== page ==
This article was published in Australian Dictionary of Biography, Volume 11, (MUP), 1988
Henry William Potts (1855-1931), agricultural educationist, was born on 12 September 1855 at Broomhaugh, Northumberland, England, second of seven children of George Potts, schoolmaster, and his first wife Mary Ann, née Little. Henry was educated under his father at the Mickley National School in 1869-72. Under contract to the Queensland government, George Potts arrived with his family in Brisbane on 4 July 1872, teaching thereafter at Rockhampton. In Brisbane Henry was apprenticed to Moses Ward, pharmacist and dentist, and was registered as a pharmaceutical chemist on 6 April 1876. That year he set up in Queen Street as Potts & Berkley, chemists and druggists. He was also a dispenser in Brisbane and, later, Ipswich hospitals, and in 1880 an inaugural council-member of the Pharmaceutical Society of Queensland. He also practised dentistry. Potts was an early contributor to the Bulletin; in a letter of 29 April 1882 J. F. Archibald thanked him for his 'interesting and clever pars'. On 14 July 1884 he married a widow Lucy Sara Euste (d.1891), née Callaghan, at St James' Church, Sydney; they were childless.
Moving to Victoria, Potts bought a pharmacy at Chiltern in August 1885 but soon bought a business in Melbourne, where he was active in establishing professional associations for pharmacists, dentists and practitioners of veterinary medicine. He was registered as a dentist on 20 March 1888, in May became a foundation member of the Dental Board of Victoria, and was a founder of the Melbourne dental hospital. On 22 June 1892 at St James' Church, Melbourne, he married Unëe Apperley St Clair Meade.
In 1891-98 Potts had a business and practice at Euroa where he acted as analyst and scientific consultant to the new co-operative butter factory. He became interested in all aspects of the dairy and related industries (including pig-raising), and was soon sought as part-time dairy adviser and voluntary educator; his illustrated lectures were very popular. Appointed scientific instructor in dairying in the Department of Agriculture, he returned to Melbourne in 1898. Working with R. Crowe and D. Wilson he reached a wide audience in Victoria (and also lectured for the Tasmanian government). By encouraging improved hygiene, pasteurisation, use of analytical methods, mechanization and quality control, he contributed significantly to expansion of the butter export trade.
In 1899-1901 Potts served on the royal commission on technical education, but his expectation of achieving permanent employment was not realized. There was a public outcry against the Victorian government when on 1 May 1902 Potts took up duties as principal of Hawkesbury Agricultural College, Richmond, New South Wales.
At Hawkesbury, Potts reorganized the curriculum, introduced a diploma in dairying, extended the buildings to accommodate 200 students by 1907, and planted hundreds of trees to embellish the grounds. He reduced 'the amazing variety of breeds of various kinds of live stock', building up studs of high quality poultry, sheep, pigs, cattle and horses. Other developments included summer schools for teachers and winter schools for farmers. 'For the Hawkesbury College he made a reputation throughout the world for the combination of practice and science'. It attracted students from across Australia and beyond, and a constant stream of visitors. Widely known as Principal Potts, he was skilful in public relations. In 1910 he published Pigs and Their Management; known as Potts on Pigs, it went through three more editions by 1923. He also published numerous articles, mainly in the Agricultural Gazette of New South Wales, and inaugurated three journals.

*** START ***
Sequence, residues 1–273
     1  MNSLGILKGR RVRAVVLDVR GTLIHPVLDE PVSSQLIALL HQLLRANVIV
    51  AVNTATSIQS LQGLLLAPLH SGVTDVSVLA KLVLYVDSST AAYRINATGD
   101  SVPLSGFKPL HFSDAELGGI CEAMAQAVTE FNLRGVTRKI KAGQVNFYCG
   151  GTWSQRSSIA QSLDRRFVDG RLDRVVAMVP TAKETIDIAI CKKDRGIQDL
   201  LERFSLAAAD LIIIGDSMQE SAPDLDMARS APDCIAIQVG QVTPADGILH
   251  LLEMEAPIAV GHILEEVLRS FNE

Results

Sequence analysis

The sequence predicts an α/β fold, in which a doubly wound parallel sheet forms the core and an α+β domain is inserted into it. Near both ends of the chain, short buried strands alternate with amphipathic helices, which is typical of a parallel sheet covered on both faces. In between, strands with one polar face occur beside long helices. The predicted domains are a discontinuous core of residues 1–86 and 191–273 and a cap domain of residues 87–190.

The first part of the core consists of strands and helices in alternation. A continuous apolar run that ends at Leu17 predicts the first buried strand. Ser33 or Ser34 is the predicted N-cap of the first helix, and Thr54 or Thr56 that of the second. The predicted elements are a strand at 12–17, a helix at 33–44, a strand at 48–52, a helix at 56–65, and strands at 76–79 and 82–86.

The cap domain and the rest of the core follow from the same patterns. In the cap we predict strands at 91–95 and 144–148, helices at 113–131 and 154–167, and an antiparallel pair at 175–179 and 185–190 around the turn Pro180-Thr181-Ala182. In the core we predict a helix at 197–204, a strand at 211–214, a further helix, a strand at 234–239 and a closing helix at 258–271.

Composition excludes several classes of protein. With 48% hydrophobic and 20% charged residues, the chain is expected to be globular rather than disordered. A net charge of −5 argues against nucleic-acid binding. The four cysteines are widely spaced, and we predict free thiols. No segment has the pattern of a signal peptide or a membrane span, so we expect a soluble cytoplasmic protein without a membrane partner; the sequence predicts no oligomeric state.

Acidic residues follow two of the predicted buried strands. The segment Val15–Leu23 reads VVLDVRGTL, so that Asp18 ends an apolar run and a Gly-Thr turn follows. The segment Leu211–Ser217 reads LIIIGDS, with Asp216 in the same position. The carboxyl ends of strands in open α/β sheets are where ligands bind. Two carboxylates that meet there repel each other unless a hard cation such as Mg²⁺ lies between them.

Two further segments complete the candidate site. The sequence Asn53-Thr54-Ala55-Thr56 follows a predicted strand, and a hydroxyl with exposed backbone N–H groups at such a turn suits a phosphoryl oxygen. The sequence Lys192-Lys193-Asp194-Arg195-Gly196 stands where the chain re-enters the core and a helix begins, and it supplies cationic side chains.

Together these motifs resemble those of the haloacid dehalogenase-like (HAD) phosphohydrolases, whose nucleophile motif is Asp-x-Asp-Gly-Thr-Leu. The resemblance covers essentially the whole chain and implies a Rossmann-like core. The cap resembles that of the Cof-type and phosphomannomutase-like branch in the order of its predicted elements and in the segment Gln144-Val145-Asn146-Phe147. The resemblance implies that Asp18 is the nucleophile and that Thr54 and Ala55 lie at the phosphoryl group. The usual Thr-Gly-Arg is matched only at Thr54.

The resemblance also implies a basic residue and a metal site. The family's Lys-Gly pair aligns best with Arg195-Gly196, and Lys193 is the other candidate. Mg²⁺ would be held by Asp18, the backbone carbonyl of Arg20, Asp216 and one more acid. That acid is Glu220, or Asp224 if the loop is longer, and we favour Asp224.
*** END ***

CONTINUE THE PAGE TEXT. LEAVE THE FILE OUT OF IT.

He was a fellow of the Chemical and Linnean societies of London, and a member of the local Royal and Linnean societies, giving some notable lectures before them. A council-member of the Royal Agricultural Society of New South Wales from 1902, he presided over the agricultural section of the 1909-10 meeting of the Australasian Association for the Advancement of Science. In 1914 he visited agricultural colleges in North America, Britain and Europe.
Retiring from the college in 1921, Potts became a director of the Lindley, Walker Wheat Co-operative Co. Ltd, and negotiated a sale of Australian wheat to Sweden. He visited North America and Europe (1921), South Africa (1925 and 1928) and Malta (1930) where he stayed with its prime minister Sir Gerald Strickland. He also encouraged immigration to Australia. When over 70, with an international financier R. Tilden Smith he joined a scheme to train young men in Britain for farm life in Australia. In 1926 the Australian Farms Training College was opened at Lynford Hall, Norfolk, with Potts as principal. Despite his strenuous efforts the scheme was dogged by misfortune and was abandoned.
He returned to Sydney in 1930 and next year, now commissioner for Malta, visited North Queensland to assist Maltese cane farmers who had been victims of embezzlement. On 10 February 1931 Potts died at Innisfail and was buried there. His wife, three sons and two daughters survived him.
Of imposing appearance, Potts was genial, generous and gregarious. Highly industrious, largely self-taught, he was remembered by his former charges not only for his qualities as a teacher and moulder of men (and a few women), but also for his solicitude and pastoral care. He was an active member of the Church of England, and of several Masonic lodges.
H. G. Holland and B. R. Rose, 'Potts, Henry William (1855–1931)', Australian Dictionary of Biography, National Centre of Biography, Australian National University, http://adb.anu.edu.au/biography/potts-henry-william-8086/text14111, accessed 9 December 2013.
This article was first published in hardcopy in Australian Dictionary of Biography, Volume 11, (MUP), 1988